The pharmaceutical industry has one of the toughest challenges when it comes to labelling. The information needs to be highly accurate for medical professionals and consumers to understand the drug. If the pharmaceutical labelling is not done right, it leads to medication errors, which leads to higher medical costs, or worse the cost of a life. The attributes 33% of medication errors to labelling and packaging issues.
So what are the common problems and challenges faced when it comes to labelling?
Ambiguous Dosage Indication
Each medication should inform users of the recommended dosage. However, administering the wrong dosage amount is not as uncommon as one thinks. For example, the drug Timentin was administered by a medical professional, but instead of giving the recommended dosage of 3.1g, the medical professional confused the reading with 31g.
Look-alike medication can cause serious problems such as handing over or using the wrong medication. Look-alike medication can happen due to similar package designs and labelling among drug medications.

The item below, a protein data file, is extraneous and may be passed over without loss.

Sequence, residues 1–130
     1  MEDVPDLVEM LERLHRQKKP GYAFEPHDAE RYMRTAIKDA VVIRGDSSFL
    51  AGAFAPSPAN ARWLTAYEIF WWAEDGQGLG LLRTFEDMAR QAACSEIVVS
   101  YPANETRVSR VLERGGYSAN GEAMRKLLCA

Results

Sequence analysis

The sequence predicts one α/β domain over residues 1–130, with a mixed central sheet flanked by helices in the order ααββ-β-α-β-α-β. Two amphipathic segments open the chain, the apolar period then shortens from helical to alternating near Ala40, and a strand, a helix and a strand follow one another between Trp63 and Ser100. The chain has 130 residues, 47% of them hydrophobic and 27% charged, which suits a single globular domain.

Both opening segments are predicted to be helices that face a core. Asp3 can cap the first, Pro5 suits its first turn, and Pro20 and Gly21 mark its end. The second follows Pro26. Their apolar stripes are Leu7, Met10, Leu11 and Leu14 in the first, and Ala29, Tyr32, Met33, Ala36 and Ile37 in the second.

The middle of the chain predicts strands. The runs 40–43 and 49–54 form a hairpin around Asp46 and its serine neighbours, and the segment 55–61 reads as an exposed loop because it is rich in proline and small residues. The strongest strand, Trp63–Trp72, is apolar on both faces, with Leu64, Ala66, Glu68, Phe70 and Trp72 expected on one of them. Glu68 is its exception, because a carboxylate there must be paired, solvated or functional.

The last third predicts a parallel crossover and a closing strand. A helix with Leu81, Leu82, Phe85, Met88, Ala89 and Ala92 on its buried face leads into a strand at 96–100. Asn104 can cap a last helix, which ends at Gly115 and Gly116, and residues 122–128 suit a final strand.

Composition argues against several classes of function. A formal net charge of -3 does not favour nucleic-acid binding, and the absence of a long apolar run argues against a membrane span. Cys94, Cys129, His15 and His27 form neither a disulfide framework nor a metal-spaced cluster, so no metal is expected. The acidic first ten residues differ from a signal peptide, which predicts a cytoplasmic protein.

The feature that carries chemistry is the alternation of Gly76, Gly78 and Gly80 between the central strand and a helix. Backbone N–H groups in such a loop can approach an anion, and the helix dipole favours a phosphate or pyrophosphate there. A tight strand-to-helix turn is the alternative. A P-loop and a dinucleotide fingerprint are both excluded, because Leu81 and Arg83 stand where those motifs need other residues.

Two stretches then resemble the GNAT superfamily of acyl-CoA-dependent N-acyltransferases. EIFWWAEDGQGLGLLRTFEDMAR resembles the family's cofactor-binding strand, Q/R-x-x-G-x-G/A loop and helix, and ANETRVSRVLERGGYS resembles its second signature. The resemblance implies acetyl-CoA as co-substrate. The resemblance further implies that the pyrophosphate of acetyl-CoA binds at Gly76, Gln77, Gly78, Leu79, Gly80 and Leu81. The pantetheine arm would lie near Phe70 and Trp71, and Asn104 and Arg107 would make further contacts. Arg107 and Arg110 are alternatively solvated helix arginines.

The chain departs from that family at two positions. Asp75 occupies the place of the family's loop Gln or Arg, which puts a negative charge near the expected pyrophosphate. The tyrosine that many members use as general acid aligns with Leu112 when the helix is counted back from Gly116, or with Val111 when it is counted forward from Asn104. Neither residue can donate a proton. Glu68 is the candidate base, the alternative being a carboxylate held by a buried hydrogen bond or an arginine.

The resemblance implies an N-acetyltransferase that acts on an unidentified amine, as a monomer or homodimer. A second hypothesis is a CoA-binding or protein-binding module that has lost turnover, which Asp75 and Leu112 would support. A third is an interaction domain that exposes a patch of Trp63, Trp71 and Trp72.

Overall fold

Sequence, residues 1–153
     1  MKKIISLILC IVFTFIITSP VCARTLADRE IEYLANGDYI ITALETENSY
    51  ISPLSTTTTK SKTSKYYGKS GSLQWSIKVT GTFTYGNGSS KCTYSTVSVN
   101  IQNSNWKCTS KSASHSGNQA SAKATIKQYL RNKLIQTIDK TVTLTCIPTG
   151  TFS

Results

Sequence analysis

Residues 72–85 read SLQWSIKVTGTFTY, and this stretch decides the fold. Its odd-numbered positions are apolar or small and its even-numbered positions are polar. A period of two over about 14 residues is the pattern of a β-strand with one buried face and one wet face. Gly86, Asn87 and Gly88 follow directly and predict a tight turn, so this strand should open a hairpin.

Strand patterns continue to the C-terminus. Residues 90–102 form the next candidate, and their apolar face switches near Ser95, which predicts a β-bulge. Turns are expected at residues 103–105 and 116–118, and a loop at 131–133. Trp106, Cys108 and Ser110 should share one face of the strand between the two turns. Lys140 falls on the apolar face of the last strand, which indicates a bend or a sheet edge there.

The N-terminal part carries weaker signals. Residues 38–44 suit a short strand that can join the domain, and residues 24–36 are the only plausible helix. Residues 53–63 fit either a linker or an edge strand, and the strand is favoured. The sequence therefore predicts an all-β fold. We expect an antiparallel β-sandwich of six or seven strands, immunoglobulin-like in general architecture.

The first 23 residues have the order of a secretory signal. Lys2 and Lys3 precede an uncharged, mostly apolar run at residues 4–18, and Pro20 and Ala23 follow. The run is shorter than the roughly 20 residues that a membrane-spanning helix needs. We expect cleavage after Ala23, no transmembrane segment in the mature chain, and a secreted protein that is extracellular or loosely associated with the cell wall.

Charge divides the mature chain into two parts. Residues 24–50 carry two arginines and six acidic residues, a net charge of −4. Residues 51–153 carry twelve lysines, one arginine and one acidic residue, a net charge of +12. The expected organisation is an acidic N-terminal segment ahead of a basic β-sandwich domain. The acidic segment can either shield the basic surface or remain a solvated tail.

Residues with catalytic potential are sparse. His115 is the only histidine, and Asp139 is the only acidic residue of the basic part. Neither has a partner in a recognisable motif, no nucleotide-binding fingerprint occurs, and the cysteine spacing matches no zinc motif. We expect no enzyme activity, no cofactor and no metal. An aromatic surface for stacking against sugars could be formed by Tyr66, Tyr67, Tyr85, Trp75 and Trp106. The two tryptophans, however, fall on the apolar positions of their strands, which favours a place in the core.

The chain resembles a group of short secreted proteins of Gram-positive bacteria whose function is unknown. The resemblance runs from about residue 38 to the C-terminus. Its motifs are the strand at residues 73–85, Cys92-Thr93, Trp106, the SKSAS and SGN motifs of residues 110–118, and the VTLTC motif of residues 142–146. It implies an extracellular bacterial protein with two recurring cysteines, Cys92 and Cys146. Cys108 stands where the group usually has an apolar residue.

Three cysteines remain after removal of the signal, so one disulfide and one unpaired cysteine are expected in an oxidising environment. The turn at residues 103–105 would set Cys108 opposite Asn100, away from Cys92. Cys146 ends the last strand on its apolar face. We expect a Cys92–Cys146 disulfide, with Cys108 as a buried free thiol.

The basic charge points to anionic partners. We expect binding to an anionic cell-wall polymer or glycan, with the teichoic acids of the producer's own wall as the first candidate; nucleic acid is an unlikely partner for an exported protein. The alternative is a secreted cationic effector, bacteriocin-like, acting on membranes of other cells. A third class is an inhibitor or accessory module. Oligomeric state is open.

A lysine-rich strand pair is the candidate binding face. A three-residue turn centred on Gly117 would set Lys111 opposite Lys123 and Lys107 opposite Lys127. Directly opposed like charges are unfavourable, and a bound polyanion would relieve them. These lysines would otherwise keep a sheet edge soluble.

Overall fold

Poor Labelling on Blister Strip
Due to space constraints, strip medication often has inadequate medical information. The product name and other details may be mentioned only once, or appear on the corner of the strip.
Wrong Usage of Symbols on the Label
Symbols can be used to save space on the label, however, a problem arises in interpreting it. For example, the Roman numeral four, IV, has been misinterpreted as intravenous.
No Standard Terminology Used on the Label
Terms are constant. For example, a single dose and a single use are often swapped. For a medical professional, this leads to confusion over the recommended dosage.
Lack of Contrast on the Label
Often, the medication container and the label material is not taken into account when creating pharmaceutical labels. This leads to a ceramic print on clear glass. The lack of contrast makes it difficult to read.
Use of foil label makes it makes readability a task due to the reflection and shininess. Similarly, embossed labels on transparent medication containers are impossible to read.
Identical Package Names
Drugs that have similar looking names are a major problem. For example, FDA reported that a 19-year individual had a fatal complication after being given clozapine, instead of olanzapine.
While some may argue that many of these problems stem from human error, everything must be done to ensure that labels for pharmaceutical medicines are created so that such problems do not occur.
In the next post, we will cover various things you can do to improve your pharmaceutical labelling. The more readable your pharmaceutical labelling, the better your pharmaceutical product.